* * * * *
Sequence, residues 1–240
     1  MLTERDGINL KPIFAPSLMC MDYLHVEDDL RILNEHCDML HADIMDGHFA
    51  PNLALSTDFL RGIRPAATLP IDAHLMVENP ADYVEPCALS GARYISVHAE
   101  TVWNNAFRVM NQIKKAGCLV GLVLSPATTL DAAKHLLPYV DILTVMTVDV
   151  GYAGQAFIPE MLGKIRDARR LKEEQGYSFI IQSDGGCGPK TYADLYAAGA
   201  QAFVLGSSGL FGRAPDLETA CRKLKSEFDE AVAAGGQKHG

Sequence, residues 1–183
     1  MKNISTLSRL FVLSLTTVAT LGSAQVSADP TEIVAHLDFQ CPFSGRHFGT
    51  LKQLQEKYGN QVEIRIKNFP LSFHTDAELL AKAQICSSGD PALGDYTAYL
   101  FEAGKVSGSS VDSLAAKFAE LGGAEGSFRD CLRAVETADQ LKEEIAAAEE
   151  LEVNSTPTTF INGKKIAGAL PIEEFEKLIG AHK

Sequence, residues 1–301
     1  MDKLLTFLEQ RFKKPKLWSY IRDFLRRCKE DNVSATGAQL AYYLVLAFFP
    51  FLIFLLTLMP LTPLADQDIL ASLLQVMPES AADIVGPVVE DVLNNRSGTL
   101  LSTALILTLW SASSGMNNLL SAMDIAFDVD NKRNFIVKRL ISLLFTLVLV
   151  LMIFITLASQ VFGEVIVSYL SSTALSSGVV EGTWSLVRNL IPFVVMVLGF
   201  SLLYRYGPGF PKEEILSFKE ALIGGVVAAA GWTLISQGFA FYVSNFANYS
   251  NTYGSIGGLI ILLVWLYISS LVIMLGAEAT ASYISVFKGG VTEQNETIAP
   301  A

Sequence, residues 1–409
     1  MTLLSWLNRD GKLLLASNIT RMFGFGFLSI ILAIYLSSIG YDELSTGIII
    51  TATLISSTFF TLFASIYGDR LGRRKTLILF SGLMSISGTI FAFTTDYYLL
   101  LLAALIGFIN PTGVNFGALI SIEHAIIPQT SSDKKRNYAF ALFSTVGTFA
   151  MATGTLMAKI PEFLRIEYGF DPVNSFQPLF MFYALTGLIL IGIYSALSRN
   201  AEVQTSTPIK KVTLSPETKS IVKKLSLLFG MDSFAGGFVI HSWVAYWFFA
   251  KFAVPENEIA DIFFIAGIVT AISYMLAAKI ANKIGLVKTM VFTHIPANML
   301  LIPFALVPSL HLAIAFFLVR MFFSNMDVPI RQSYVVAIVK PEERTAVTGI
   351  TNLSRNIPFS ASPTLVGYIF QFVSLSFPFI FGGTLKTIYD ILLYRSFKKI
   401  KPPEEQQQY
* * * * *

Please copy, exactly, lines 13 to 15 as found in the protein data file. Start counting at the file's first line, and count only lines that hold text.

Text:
     1  MDKLLTFLEQ RFKKPKLWSY IRDFLRRCKE DNVSATGAQL AYYLVLAFFP
    51  FLIFLLTLMP LTPLADQDIL ASLLQVMPES AADIVGPVVE DVLNNRSGTL
   101  LSTALILTLW SASSGMNNLL SAMDIAFDVD NKRNFIVKRL ISLLFTLVLV